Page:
Carving a way forward for CBD and other non-psychotropic cannabinoids

Dr Robert Verkerk, Dr Parveen Bhatarah and Dr Ignazio Garaguso explore the future of CBD and other non-psychotropic cannabinoids and cannabimimetics.


The explosion of the market for cannabidiol (CBD) in the USA, Europe and beyond is unprecedented in the natural products sector. It was triggered by the reported effects of a low-THC form of CBD on a young girl, Charlotte Figi, in Colorado, USA in 2013 who suffered from a severe and rare form of epilepsy, Dravet syndrome.1 

The profound interest in CBD and other cannabinoids, 120 of which have been isolated from the cannabis plant, Cannabis sativa L. alone,2 is due to these compounds’ ability to interact with cannabinoid receptors throughout the body. The endocannabinoid system (ECS) has been found to have potential effects on mood, memory, pain sensation, appetite and the immune system, as well as play a role in fertility, pregnancy and pre- and postnatal development.3-9

Additionally, a diverse range of cannabinoids or cannabinoid-like molecules (cannabimimetics) have been identified in a wide range of plants other than cannabis, including cacao (Theobroma cacao), black pepper (Piper nigrum) and cone flower (Echinacea spp.).10 They may also be biosynthesised from yeasts (eg, Saccharomyces cerevisiae).11

The future of CBD and other non-psychotropic cannabinoids and cannabimimetics in the health secto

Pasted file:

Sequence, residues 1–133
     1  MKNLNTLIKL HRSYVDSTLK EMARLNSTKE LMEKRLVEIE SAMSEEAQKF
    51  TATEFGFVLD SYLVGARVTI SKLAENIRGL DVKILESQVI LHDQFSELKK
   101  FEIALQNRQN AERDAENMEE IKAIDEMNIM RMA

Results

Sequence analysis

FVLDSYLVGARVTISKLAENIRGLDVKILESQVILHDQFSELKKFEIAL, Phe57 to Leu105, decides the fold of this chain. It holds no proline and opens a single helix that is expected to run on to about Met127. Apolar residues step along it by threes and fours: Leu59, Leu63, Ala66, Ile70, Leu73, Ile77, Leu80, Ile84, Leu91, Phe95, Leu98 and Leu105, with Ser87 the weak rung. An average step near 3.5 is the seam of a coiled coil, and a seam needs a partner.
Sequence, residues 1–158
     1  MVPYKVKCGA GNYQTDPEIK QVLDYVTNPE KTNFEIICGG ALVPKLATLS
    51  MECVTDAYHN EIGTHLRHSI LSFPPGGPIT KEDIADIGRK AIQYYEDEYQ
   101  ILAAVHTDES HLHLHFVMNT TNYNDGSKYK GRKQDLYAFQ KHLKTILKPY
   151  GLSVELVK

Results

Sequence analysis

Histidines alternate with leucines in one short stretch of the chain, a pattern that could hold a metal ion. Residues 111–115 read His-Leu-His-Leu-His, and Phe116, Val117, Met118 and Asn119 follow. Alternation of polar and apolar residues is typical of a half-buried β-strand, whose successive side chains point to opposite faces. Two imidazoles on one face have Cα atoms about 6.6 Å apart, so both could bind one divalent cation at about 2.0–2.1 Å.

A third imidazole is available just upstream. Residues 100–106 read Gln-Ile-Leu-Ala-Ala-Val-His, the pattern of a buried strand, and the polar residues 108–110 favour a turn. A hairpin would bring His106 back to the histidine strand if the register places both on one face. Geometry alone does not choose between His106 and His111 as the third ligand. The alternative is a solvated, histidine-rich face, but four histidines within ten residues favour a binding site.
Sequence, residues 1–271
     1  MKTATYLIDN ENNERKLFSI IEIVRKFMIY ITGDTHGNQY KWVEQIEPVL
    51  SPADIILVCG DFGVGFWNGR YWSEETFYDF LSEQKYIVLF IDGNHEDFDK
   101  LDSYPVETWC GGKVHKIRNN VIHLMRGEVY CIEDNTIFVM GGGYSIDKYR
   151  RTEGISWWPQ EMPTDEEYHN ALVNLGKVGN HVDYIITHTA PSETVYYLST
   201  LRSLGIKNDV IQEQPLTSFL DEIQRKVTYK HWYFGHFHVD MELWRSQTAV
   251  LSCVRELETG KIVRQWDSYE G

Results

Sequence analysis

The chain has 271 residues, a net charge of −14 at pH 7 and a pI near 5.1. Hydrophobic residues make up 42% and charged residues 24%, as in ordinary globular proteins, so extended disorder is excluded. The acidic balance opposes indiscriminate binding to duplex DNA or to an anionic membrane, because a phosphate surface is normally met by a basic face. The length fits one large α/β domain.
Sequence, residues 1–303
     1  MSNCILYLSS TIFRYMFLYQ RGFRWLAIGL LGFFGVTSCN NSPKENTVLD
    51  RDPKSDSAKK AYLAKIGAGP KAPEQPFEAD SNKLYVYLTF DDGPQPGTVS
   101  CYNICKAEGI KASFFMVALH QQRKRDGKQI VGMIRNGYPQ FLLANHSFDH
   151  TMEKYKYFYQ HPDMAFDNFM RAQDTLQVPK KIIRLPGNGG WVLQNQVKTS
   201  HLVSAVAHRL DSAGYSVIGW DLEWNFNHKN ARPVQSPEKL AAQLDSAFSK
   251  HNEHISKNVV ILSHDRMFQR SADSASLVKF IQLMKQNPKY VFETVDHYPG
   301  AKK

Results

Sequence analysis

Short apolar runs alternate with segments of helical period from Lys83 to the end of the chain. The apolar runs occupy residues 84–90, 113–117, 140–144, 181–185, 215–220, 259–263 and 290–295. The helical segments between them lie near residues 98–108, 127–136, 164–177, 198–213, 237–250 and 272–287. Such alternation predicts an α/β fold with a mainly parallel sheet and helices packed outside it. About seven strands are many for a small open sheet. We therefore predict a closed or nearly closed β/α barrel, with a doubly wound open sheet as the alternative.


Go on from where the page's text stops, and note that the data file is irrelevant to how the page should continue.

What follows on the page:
The most abundant bioactive compounds found in hemp are the acid forms of Δ9-tetrahydrocannabinol (THC), cannabidiol (CBD) and cannabinol (CBN), followed by cannabigerol (CBG), cannabichromene (CBC) and cannabinodiol (CBND).12 The respective cannabinoid acids decarboxylate to produce each of these key cannabinoids. Many have weak or no psychoactivity and, therapeutically, might have broader applications than THC.

Cannabigerol (CBG), which is also not considered psychoactive, along with CBD, is one of the major cannabinoids found in most cannabis varieties.13,14


Regulators have had to play catch-up in their efforts to reign in ‘cowboy’ operators

Depending on their origin, cannabinoids can be classified as endocannabinoids (analogues of those produced within the body), phytocannabinoids (sourced from plants), or synthetic cannabinoids (artificially or biosynthetically produced).

Cannabinoid isolates (of a single cannabinoid molecule) and synthetic preparations of cannabinoids are easier to characterise and as a result, it’s generally simpler to gain regulatory approval for them, than it is for ‘broad spectrum’ extracts. The latter include other secondary plant metabolites, including flavonoids and terpenes, which may provide specific opportunities for health effects based on interactions among the myriad chemicals found in the cannabis plant.15 This synergism is referred to as the entourage effect.16